Skip to main content

Featured Post

11-11-19 - EOTWAWKI

(You can listen to this reflection here. This Sunday's gospel reading is here.)

O goody – this week we get end-of the-world texts – you know an REM link is coming, when you least expect it. Each fall, as if to match the gathering gloom of shortening days, our lectionary begins to drag some scary stories out of our ancestral closet. There is history here – once upon a time, Advent was much more focused on prophetic doom and gloom than it is now, and it lasted eight weeks, not four.

This week’s conversation starts casually, as some of Jesus’ followers admire the temple and its adornments. Jesus responds bluntly: "As for these things that you see, the days will come when not one stone will be left upon another; all will be thrown down." We the readers know that in 70 CE the Romans did in fact destroy the temple. But to Jesus' companions this pronouncement would have been shocking. And, like most of us when we hear that something horrible is likely to happen, they want to know when will it be, and how will they know it is here.

Jesus’ answer is cryptic: "Beware that you are not led astray; for many will come in my name and say, `I am he!' and, `The time is near!' Do not go after them.” He suggests that some will try to gain a following by issuing dire predictions about the end of the world – remember a few years ago, when the world was going to end on May 21?

Why do people fall for this? Maybe because it is natural to fear what we cannot control, and it’s hard to get bigger in the “you cannot control this” department than the end of the world as we know it. The end of THE world becomes a stand-in for our anxiety about the end of our worlds – which actually comes with some frequency, with wars and famines and pandemics; infidelities, accidents and job losses; diagnoses and mega-storms and losses of all sorts. No one knows this better than the veterans we celebrate today.

What are you most afraid of losing? Can you name that fear, and sit with it, inviting Jesus to join you in your imagination? What might he do with it? How might you invite his perfect love to transform that fear into something you can use?

It is true that our worlds are always ending. But that’s not the whole story - new life is always being born as well, sometimes in the ashes of the old world. God is in the business of making all things new – can’t help himself. Our job is to be open to new life wherever we find it.

(I’m going to wait on REM, but here’s a link to a fun song by a duo I like very much, Goodnight Moonshine. The song is “End of the World Blues,” and you can find it about 15.55 minutes into this concert on YouTube. And listen to the rest!)

To receive Water Daily by email each morning, subscribe hereSunday’s readings are  here.

Comments

Popular posts from this blog

12-10-19 - Spiritual Leaders

(You can listen to this reflection here. Sunday's gospel reading is here.)
What do you think a holy man or woman should look like? What should be the markers of "success" for spiritual leaders? This is what Jesus asks the crowds about how they viewed John the Baptist. "What did you go out there to the desert to look at? Were you just spiritual tourists gawking at the latest guru? Did you think you were going to see a smooth-talking, well-dressed leader, get a little charge, and leave your life unchanged?"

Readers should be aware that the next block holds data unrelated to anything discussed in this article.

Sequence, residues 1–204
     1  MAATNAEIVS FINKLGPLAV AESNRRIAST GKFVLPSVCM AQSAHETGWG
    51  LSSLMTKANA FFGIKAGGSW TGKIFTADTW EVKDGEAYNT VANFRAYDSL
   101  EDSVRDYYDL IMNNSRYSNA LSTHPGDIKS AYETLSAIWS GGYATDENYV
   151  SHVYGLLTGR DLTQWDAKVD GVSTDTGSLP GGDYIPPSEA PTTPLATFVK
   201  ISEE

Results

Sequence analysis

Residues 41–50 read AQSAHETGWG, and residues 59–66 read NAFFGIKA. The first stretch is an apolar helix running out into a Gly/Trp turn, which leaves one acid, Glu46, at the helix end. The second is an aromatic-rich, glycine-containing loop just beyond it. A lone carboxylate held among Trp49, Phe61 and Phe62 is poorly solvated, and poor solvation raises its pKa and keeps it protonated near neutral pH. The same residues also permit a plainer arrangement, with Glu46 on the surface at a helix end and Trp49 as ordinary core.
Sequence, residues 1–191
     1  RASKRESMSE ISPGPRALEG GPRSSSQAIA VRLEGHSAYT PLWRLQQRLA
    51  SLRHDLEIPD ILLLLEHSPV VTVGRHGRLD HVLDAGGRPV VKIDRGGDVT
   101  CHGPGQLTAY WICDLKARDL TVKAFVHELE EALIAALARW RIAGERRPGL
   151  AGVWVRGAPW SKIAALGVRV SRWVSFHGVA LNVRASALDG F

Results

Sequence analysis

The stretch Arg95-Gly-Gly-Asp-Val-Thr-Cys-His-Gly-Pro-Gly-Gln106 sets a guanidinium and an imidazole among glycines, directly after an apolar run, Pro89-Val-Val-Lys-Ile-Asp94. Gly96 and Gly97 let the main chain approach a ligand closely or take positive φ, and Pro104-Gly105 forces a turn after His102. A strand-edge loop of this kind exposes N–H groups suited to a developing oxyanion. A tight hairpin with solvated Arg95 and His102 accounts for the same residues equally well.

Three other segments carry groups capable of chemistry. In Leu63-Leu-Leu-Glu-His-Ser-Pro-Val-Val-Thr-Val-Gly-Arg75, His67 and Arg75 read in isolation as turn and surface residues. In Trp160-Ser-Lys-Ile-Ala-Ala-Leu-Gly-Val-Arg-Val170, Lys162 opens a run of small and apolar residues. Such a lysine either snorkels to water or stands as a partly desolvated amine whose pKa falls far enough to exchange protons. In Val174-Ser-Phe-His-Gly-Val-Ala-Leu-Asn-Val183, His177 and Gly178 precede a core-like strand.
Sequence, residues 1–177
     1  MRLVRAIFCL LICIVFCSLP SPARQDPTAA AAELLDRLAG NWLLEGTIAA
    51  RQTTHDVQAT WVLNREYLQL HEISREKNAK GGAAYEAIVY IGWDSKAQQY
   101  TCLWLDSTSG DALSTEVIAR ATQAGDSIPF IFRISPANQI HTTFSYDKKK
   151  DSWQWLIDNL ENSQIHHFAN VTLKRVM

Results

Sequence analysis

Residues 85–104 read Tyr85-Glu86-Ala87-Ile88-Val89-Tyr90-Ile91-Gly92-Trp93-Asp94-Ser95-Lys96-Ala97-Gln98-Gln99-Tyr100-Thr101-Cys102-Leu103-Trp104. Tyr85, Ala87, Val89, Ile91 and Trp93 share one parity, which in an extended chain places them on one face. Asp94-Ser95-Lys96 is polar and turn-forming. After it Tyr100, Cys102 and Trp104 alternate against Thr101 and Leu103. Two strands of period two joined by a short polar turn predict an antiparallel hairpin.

Advent is a good time to examine our spiritual motivations, what is it we are truly yearn for, why we engage or disengage from spiritual community. It is easy to become disenchanted with church and clergy - or to expect too much. Today, let's do a little inventory. When we can name our expectations, we can better manage them.

What are your expectations of your spiritual community? When you are disappointed or disaffected, what is the cause? Do you communicate…

12-5-19 - Good Tree/Good Fruit

(You can listen to this reflection here. Sunday's gospel reading is here.)

John the Baptizer lays into those who wear their religion on their sleeves, but do not allow their hearts and behaviors to change. And his invitation to true repentance comes with a bite: “Even now the ax is lying at the root of the trees; every tree therefore that does not bear good fruit is cut down and thrown into the fire.”
Later, Jesus uses the same metaphor, saying that a good tree cannot bear bad fruit, nor a bad tree good fruit. It seems that judgment awaits us, and we will be judged by the fruit our lives bear.

Tomorrow is the Feast Day of St. Nicholas, the fourth century Bishop of Myra in modern-day Turkey. Legends about the goodness and generosity of St. Nicholas abound, and over time became conflated with the legend of the "Bishop of the North Pole," Santa Claus. Santa is also known for gift-giving – with conditions: "He’s making a list, he’s checking it twice / gonna find out who’s …

12-11-19 - Greatest and Least

(You can listen to this reflection here. Sunday's gospel reading is here.)
We have spent quite a few days in this space thinking about John the Baptist – who he was, why he was the way he was, what impact he had. Many people thought he was the Messiah, or an incarnation of the prophet Elijah – until Herod imprisoned and later had him executed at the whim of his step-daughter. John truly was a holy man, and Jesus speaks of him as such:  “Truly I tell you, among those born of women no one has arisen greater than John the Baptist.”

And then he says something even more extraordinary:  “…yet the least in the kingdom of heaven is greater than he.”

What was that about valleys being lifted up and mountains brought low, the lowly being exalted and the “mighty cast down from their thrones?” Here is Jesus, articulating again that equalizing quality of the realm of God – that equalizing which was so challenging to people in his own day, and has remained so in the thousands of years since.

To say …